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Cyberbullying is a type of bullying that uses the internet, texting or social media. Learn about what cyberbullying looks like and what you can do if your child is being cyberbullied.

Key points

  • Cyberbullying uses the internet, texting, or social media to bully others.
  • Cyberbullying can include sending threatening messages, sharing personal information or images without permission, and posting rumours or mean messages online.
  • Keep your child safe online by teaching them not to share passwords, personal information or nude or sensitive photos.
  • If your child has been threatened or a crime has been committed, call the police.

What is cyberbullying?

Cyberbullying is the use of the internet, texting, or social media to intimidate, spread rumours, put down or make fun of someone. Cyberbullying can include:

  • Sending someone threatening messages
  • Posting or sharing personal information without permission
  • Taking a photo of someone or sharing photos of a person without their permission
  • Posting gossip or mean messages on social media
  • Hacking into someone’s email or social media and sending messages as that person
  • Creating a website or social media account to make fun of someone
  • Creating a fake social media account pretending to be someone else and making fun of them
  • Leaving people out of instant messaging or email contact lists on purpose

Cyberbullying does not stop at school; it can reach children and teenagers 24 hours a day, at home, on the weekends, and on vacation.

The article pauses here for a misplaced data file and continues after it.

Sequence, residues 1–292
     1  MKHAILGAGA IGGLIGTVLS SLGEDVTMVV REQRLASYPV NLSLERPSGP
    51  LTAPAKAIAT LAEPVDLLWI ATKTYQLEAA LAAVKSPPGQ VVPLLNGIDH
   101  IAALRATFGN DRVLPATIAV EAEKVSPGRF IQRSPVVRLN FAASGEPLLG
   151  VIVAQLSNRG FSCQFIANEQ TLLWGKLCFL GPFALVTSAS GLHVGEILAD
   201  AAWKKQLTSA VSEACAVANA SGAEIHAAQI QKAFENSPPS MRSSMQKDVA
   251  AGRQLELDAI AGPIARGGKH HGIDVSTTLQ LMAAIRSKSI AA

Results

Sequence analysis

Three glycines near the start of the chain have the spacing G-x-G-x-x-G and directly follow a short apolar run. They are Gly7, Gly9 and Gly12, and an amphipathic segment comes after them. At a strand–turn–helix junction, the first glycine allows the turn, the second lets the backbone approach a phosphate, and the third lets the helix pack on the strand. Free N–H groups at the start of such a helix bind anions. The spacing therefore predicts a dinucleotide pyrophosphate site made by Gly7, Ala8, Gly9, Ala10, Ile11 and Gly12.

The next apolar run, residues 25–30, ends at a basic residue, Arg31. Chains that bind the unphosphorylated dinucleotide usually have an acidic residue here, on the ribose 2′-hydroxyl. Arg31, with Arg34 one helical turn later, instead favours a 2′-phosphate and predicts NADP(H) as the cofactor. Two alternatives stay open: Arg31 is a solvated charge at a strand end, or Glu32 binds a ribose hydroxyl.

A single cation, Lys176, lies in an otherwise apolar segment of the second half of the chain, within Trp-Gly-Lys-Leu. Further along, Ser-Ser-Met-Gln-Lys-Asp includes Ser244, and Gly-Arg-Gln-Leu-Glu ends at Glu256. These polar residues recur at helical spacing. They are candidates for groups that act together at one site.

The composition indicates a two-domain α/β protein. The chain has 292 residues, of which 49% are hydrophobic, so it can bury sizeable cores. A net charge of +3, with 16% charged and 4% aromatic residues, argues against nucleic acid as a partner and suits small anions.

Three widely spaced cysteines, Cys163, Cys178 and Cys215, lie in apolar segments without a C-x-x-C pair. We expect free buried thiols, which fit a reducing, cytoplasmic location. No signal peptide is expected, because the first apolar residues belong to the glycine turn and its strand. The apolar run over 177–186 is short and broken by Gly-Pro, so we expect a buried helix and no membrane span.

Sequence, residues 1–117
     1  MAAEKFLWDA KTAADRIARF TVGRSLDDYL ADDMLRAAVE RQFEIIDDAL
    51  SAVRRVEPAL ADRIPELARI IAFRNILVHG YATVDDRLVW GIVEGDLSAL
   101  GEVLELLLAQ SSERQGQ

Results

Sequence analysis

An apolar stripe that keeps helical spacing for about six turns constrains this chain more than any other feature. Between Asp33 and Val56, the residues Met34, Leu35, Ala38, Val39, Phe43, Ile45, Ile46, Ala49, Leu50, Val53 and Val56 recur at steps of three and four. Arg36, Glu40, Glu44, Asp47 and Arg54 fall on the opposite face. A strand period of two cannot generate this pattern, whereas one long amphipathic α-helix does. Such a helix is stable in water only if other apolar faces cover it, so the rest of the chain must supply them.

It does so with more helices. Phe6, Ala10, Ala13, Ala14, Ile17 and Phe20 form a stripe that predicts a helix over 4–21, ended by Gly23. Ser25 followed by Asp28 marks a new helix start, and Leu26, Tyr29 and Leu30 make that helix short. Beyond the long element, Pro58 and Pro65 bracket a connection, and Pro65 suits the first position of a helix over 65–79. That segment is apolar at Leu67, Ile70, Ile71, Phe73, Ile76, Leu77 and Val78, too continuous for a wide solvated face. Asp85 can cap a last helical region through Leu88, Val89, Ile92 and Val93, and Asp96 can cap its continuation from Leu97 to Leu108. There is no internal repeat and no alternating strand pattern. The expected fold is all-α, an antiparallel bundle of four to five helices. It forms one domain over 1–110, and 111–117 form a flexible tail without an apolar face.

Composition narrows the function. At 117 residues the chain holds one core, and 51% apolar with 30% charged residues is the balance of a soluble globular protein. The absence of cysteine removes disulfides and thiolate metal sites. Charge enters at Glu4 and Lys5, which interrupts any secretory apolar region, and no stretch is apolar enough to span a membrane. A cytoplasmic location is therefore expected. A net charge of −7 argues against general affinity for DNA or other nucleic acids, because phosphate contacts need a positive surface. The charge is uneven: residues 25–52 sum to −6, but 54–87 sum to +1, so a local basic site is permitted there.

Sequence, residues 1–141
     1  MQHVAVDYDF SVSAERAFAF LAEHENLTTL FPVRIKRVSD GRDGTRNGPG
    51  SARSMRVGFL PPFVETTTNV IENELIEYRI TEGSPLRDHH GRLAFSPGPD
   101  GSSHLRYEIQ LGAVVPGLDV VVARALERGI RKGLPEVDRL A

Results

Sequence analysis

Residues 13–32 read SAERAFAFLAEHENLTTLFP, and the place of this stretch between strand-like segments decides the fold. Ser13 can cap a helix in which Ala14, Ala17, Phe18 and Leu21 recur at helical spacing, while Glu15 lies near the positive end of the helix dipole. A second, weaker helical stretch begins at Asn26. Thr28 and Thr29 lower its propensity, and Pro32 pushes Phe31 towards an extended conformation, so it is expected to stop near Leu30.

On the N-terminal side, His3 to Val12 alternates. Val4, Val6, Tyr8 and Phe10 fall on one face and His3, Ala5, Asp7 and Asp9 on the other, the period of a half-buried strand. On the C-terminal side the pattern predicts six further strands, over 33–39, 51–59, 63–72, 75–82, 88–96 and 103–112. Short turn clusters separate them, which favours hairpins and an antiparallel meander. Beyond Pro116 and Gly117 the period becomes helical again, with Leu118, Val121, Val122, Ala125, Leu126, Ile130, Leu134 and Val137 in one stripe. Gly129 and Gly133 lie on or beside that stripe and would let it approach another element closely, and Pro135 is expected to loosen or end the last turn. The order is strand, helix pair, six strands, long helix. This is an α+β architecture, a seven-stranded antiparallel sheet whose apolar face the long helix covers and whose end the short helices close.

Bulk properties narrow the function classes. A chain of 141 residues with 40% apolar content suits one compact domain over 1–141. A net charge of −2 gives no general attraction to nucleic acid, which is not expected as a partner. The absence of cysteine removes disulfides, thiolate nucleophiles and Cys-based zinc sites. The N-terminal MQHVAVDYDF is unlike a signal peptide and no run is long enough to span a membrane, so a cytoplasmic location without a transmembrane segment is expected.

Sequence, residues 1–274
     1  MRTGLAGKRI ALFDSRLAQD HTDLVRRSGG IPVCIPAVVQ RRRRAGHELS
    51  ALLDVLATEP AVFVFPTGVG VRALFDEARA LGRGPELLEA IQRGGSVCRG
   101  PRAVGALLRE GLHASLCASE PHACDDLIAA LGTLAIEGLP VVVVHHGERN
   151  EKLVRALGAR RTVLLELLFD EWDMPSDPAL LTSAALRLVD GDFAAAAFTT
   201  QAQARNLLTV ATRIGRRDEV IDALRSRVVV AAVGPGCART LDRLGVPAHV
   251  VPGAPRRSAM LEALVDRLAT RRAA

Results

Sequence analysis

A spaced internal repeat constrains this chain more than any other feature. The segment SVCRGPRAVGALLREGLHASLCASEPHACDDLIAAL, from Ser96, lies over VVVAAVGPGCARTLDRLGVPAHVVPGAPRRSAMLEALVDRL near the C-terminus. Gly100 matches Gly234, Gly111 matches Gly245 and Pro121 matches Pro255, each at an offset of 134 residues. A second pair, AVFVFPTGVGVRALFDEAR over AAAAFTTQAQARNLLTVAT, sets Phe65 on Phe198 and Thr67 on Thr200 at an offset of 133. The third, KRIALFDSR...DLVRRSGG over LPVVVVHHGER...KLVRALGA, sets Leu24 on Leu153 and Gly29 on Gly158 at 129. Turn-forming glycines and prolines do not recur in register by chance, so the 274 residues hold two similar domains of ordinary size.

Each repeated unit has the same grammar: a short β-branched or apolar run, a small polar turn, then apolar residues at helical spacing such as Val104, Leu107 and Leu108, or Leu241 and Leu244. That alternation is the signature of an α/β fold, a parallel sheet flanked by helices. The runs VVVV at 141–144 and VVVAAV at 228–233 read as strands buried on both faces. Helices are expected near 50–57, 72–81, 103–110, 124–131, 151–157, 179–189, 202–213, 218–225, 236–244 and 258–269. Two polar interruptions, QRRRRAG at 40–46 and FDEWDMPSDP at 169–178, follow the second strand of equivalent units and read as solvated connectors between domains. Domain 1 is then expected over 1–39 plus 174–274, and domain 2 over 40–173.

Because it is easy to create anonymous or fake accounts online, your child may not even know who’s cyberbullying them.


How can I keep my child safe online?

It is important to teach your child about online safety and treating people respectfully, even online. Consider talking to your child about the following points to keep them safe online:

  • Treat people online the way you would treat them in person. If you would not say something directly to someone’s face, do not leave it as a comment on their social media or text it to them. Always think about whether the content is hurtful or damaging before sending an email, message or photo.
  • Don’t share passwords with anyone other than a trusted adult (e.g., parents or a caregiver).
  • Don’t share your own personal information or anyone else’s online.
  • Never send nude photos of yourself or anyone else to anyone. If your child or the person in the photos are under the age of 18, your child could be charged with distributing child pornography.
  • If your child is being cyberbullied, have them make a copy of the message before they delete it (e.g., take a screenshot). Harassment or inappropriate messages can be reported on most social media sites and apps. Most social media sites, internet providers and cell phone service providers have policies against cyberbullying and may be able to do something about it if you report the abuse.
  • Block any users on social media or phone numbers on their phone who are sending bullying or harassing messages.
  • Call the police if your child has been threatened or if a crime has been committed.

For information on how to help your child if they are being bullied, or what to do if your child is a bully, please see the article "Bullying".

Last updated: May 3rd 2023